Graceland Cemetery is a large, beautifully landscaped cemetery located at 4001 N. Clark Street at Irving in Chicago. It was established in 1860 by Thomas Bryan when he purchased the original 80 acres. Graceland is one of three notable 19th century cemeteries which were previously well outside the city limits; the other two being Rosehill and Oak Woods (South of Hyde Park) which includes a major monument to Confederate civil war dead.
Graceland is considered the “Cemetery of Architects” with notables like:
Daniel H. Burnham, William Holabird, John Wellborn Root, Howard Van Doren Shaw, Louis Sullivan, David Adler, George Elmslie, William Le Baron Jenney, Father of the American skyscraper and Bruce Graham, architect of John Hancock building and Sears Tower (now called the Willis Tower), Ludwig Mies van der Rohe
Prior to the 1871 Chicago Fire, Lincoln Park was the city’s cemetery. The edge of the pond around Daniel Burnham‘s burial island, was lined with broken headstones after the fire.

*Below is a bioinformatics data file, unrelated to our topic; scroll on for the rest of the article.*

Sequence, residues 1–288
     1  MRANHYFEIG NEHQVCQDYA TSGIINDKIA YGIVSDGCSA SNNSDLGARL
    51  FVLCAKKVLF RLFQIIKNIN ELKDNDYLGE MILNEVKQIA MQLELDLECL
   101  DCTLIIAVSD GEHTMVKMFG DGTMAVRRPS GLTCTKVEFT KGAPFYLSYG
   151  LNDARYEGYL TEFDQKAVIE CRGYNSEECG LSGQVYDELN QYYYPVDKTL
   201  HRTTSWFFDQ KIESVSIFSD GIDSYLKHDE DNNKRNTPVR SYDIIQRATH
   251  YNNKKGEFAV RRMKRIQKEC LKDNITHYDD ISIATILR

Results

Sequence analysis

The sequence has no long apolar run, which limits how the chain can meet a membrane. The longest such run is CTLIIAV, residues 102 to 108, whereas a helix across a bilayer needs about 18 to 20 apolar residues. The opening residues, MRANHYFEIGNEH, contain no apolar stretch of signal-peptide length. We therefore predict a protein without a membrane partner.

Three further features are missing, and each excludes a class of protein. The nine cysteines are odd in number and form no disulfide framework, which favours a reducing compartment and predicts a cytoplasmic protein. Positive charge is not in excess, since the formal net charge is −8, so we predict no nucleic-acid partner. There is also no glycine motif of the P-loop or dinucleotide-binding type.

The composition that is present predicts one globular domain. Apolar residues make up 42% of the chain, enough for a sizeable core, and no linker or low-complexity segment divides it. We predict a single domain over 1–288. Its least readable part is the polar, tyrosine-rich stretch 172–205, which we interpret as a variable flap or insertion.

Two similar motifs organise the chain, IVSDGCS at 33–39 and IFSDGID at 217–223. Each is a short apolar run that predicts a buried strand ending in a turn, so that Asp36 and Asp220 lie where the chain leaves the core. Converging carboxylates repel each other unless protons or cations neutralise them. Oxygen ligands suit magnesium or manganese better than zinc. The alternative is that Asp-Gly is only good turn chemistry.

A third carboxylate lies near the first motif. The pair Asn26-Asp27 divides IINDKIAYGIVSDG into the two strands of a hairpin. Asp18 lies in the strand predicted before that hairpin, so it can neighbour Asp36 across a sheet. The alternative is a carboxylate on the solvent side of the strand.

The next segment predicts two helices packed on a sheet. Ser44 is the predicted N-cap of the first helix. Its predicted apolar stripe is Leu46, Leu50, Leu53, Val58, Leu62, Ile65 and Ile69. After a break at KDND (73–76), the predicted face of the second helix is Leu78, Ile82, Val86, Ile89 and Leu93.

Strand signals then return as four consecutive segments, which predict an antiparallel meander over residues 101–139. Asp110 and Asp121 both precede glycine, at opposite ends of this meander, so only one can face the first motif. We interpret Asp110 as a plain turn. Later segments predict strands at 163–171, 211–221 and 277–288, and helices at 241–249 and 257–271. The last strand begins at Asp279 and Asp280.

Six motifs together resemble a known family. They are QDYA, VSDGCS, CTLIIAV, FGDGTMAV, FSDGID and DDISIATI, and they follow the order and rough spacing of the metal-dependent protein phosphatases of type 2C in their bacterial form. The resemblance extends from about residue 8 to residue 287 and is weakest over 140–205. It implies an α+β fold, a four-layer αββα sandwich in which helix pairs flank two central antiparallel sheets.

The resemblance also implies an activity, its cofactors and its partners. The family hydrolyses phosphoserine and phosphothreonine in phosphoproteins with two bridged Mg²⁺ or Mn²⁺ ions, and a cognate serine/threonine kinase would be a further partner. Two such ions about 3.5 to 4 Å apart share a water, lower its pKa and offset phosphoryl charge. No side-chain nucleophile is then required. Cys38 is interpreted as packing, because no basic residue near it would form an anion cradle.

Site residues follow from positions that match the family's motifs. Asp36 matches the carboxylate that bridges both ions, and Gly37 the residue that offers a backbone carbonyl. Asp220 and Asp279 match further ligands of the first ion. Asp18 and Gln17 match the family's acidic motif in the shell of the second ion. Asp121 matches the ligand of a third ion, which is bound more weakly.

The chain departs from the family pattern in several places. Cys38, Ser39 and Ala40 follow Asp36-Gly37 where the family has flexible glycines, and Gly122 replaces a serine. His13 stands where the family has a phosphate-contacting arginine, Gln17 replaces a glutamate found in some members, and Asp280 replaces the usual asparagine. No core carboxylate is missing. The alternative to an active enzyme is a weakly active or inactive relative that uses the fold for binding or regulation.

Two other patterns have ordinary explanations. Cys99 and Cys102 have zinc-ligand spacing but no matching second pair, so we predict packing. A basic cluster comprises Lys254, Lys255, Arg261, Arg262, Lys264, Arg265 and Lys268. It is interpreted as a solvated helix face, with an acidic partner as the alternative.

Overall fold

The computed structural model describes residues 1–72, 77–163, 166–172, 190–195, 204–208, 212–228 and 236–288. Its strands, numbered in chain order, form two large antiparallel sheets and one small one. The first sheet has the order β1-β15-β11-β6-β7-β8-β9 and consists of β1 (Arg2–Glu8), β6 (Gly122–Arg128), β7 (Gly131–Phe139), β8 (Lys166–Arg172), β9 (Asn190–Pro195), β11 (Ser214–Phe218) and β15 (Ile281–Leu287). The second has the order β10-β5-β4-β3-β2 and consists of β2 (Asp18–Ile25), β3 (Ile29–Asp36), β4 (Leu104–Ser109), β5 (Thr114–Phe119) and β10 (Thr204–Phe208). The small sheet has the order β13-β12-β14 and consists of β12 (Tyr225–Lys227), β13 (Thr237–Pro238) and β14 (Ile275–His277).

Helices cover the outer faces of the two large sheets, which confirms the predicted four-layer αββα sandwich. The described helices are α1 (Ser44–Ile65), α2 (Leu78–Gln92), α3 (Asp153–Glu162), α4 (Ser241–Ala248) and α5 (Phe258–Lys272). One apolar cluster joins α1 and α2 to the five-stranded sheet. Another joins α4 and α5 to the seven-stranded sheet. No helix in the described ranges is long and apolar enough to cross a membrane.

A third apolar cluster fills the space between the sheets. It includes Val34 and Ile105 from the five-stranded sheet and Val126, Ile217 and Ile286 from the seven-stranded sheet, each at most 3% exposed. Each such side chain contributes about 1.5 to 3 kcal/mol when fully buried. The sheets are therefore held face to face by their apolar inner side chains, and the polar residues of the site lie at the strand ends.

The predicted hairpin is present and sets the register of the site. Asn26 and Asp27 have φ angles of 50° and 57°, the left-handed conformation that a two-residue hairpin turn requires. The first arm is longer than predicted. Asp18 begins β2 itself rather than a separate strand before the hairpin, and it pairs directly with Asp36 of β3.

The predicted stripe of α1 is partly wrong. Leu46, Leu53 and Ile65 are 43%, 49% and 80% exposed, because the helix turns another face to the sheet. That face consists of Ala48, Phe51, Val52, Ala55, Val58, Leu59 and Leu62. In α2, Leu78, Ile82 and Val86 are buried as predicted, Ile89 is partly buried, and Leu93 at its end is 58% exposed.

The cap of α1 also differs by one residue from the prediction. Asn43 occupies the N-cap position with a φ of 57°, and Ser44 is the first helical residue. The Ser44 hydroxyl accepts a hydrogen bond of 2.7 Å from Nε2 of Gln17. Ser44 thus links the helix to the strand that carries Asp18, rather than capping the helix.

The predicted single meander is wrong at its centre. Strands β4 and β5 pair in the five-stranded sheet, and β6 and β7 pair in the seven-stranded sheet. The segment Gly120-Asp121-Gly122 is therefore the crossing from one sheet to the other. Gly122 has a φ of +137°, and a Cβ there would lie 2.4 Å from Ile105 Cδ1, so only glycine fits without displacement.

Lincoln Park became a recreational area, with a single mausoleum remaining, the “Couch tomb”, containing the remains of Ira Couch. The Couch Tomb is one of oldest structures in the City that wasn’t destroyed by the Great Chicago Fire.
For more information visit: www.gracelandcemetery.org
The cemetery’s walls are topped off with wrought iron spear point fencing. Many of the cemetery’s tombs are of great architectural or artistic interest, including the Getty Tomb, the Martin Ryerson Mausoleum (both designed by architect Louis Sullivan), and the Schoenhofen Pyramid Mausoleum. The industrialist George Pullman was buried at night, in a lead-lined coffin within an elaborately reinforced steel-and-concrete vault, to prevent his body from being exhumed and desecrated by labor activists.
Visit the mausoleum of Potter Palmer and Bertha Honoré Palmer. There are two incredible statues by sculptor Lorado Taft, Eternal Silence for the Graves family plot and The Crusader that marks Victor Lawson‘s final resting place.
The cemetery is also the final resting place of Marshall Field, businessman, retailer, whose memorial was designed by Henry Bacon, with sculpture by Daniel Chester French and several victims of the tragic Iroquois Theater fire in which more than 600 people died.